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Cosmic Rays, especially X-Rays, The Solar System is Receiving Have been Increasing

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posted on Dec, 2 2016 @ 02:04 AM
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Can we get back to discussing the mysterious source, if it exists, if so what could it be?




posted on Dec, 2 2016 @ 02:13 AM
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originally posted by: GoShredAK
Can we get back to discussing the mysterious source, if it exists, if so what could it be?


Electromagnetic Space Trolls, crawling from a subatomic K-hole? .. . . . . I have no idea. Srry



posted on Dec, 2 2016 @ 02:15 AM
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a reply to: ElectricUniverse

I'm not a scientist but, if the science of radiology or
gamma rays, radiation, astronomy are as arguable as all
this? Can't see much point in being one.



posted on Dec, 2 2016 @ 02:32 AM
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a reply to: 191stMIDET
Hey, that's a start


Except somehow I think fractals are involved as well.....



posted on Dec, 2 2016 @ 03:28 AM
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a reply to: alphabetaone

Actually you are very wrong.

First of all, you should read the links and excerpts given first. Although it is true that the Earth's magnetic field is weakening, that is not the main reason for this increase in energy the entire solar system is receiving.

Second of all, you can also see the solar maximums on the graph.

Let me show you.



Those yellow circles are solar maximum events. (it's a general idea)

Did you notice something else about them? Even at solar Maximum the amount of x-rays we are receiving it's been increasing.


edit on 2-12-2016 by ElectricUniverse because: correct comment.



posted on Dec, 2 2016 @ 03:33 AM
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originally posted by: GoShredAK


I was under the impression that according to the OP, some of these rays are coming from a source separate from the sun.


You are right, the problem is alphabetaone didn't read the links given.

3/4 of the X-rays we are receiving are coming from this mysterious source. The other 1/4 come from both the Sun and the Local Bubble.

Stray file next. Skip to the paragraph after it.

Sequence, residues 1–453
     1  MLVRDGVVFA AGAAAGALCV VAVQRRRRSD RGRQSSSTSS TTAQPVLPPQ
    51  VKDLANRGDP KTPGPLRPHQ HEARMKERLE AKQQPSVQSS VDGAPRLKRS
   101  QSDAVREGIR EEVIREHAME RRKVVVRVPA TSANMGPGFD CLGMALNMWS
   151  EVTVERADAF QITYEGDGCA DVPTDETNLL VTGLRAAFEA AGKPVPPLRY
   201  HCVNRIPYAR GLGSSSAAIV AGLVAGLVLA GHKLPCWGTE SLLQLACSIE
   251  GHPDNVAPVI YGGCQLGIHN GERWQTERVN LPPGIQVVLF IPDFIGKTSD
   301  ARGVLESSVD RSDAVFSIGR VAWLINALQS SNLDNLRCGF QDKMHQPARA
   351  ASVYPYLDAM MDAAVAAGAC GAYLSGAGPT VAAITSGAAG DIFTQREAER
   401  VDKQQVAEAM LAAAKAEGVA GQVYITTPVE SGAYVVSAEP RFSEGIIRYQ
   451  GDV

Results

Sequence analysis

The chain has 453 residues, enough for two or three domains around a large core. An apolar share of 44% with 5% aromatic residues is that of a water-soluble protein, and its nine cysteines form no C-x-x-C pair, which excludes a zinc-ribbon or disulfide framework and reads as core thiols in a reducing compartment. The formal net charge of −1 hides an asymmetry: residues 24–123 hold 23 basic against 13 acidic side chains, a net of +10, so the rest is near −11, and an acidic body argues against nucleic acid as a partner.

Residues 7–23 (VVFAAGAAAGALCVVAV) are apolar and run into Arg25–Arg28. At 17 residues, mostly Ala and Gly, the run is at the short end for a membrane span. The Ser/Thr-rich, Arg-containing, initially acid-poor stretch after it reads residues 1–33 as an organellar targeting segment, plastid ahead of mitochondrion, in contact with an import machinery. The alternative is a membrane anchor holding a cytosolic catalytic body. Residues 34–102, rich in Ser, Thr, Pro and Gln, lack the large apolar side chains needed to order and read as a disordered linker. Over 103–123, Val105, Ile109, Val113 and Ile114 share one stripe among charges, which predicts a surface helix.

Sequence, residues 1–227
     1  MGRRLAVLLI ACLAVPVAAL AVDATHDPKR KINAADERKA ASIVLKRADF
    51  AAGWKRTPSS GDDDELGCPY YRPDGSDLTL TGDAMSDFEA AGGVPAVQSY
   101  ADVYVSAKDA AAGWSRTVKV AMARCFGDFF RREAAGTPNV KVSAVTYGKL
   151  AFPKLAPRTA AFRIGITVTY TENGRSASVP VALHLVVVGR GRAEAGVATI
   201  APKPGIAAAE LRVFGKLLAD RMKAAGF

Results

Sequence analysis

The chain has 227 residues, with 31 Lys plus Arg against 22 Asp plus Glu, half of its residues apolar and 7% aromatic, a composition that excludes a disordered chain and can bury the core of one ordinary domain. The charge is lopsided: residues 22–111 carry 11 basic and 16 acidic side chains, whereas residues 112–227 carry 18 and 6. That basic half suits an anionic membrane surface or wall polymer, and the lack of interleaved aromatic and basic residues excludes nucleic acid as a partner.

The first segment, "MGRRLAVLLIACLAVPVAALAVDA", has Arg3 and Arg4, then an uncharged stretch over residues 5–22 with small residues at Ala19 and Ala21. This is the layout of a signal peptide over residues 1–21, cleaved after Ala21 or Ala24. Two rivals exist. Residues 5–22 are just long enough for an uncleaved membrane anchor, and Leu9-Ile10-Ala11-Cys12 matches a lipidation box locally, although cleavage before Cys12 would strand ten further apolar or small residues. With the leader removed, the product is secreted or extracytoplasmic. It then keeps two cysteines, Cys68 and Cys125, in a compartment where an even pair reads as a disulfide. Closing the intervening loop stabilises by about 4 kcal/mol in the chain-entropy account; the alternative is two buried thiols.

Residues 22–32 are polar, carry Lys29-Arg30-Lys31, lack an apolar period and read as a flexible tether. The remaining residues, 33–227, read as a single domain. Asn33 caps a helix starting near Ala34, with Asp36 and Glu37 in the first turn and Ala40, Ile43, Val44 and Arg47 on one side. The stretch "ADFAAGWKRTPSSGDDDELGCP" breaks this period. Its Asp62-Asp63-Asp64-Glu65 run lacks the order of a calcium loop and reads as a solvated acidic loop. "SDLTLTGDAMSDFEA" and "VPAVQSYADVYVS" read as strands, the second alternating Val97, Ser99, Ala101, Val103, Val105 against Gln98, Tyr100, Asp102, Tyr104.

posted on Dec, 2 2016 @ 03:45 AM
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a reply to: ElectricUniverse

As stated by others, cosmic ray intensity is strongly correlated with solar activity (11 years cycles). If cosmic rays had an effect on global temperature it would be clearly visible.

The amount of radiation required to increase temperature directly would be deadly. There is the idea that the primary effect would be not heating but cloud formation, means with increasing radiation the amount of clouds would increase, reducing global temperature. But this is not observed either.



posted on Dec, 2 2016 @ 03:51 AM
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a reply to: ElectricUniverse

The graphs showing cosmic rays have a slight correlation to the sunspot cycle graph...




More solar activity, less cosmic rays. Less solar activity, more cosmic rays.

With such a quiet sun the last few years, it's no surprise more cosmic rays are getting in.


It's a factor worth considering.



posted on Dec, 2 2016 @ 09:13 AM
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a reply to: ElectricUniverse

The only logical survival mentality to have with your theory, is that habitat needs to be protected at all costs for food and environmental stability.

If cosmic rays are adding to warming or out rightly creating it even, the damage human expansion and resource depletion vs population growth is even worse.



posted on Dec, 2 2016 @ 09:35 AM
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a reply to: alphabetaone

If you look at the OP's previous threads and posts you will find a poster who believes that human activity has a negligible effect on this planet's climate. This thread based on a misunderstanding of solar cycles and the role that plays on cosmic rays we observe, is an attempt to blame man made climate change on something else, in my humble opinion.



posted on Dec, 2 2016 @ 09:36 AM
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originally posted by: Indigent
a reply to: alphabetaone

Read what you said and think if it makes any sence, really man. Is anything of what you are saying addressing my question, does x rays heat? I don't need to find out what x rays are, I know they are high energy photons, with really tiny wavelength.